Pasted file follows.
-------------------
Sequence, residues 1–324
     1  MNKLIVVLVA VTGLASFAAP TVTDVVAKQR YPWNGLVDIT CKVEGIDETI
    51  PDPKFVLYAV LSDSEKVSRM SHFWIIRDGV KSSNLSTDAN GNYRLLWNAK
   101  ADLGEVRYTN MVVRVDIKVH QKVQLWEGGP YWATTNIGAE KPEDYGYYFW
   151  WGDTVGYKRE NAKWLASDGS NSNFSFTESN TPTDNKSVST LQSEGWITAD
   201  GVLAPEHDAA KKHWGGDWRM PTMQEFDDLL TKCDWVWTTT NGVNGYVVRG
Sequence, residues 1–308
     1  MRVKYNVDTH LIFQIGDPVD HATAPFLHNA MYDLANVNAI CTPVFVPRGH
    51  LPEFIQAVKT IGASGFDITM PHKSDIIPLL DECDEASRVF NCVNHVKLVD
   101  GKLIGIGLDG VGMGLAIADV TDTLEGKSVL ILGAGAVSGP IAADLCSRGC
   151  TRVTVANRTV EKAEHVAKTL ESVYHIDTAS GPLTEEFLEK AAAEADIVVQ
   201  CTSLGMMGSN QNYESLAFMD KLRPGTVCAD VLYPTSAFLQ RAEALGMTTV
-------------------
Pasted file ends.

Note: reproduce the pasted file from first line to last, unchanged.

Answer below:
Sequence, residues 1–324
     1  MNKLIVVLVA VTGLASFAAP TVTDVVAKQR YPWNGLVDIT CKVEGIDETI
    51  PDPKFVLYAV LSDSEKVSRM SHFWIIRDGV KSSNLSTDAN GNYRLLWNAK
   101  ADLGEVRYTN MVVRVDIKVH QKVQLWEGGP YWATTNIGAE KPEDYGYYFW
   151  WGDTVGYKRE NAKWLASDGS NSNFSFTESN TPTDNKSVST LQSEGWITAD
   201  GVLAPEHDAA KKHWGGDWRM PTMQEFDDLL TKCDWVWTTT NGVNGYVVRG
Sequence, residues 1–308
     1  MRVKYNVDTH LIFQIGDPVD HATAPFLHNA MYDLANVNAI CTPVFVPRGH
    51  LPEFIQAVKT IGASGFDITM PHKSDIIPLL DECDEASRVF NCVNHVKLVD
   101  GKLIGIGLDG VGMGLAIADV TDTLEGKSVL ILGAGAVSGP IAADLCSRGC
   151  TRVTVANRTV EKAEHVAKTL ESVYHIDTAS GPLTEEFLEK AAAEADIVVQ
   201  CTSLGMMGSN QNYESLAFMD KLRPGTVCAD VLYPTSAFLQ RAEALGMTTV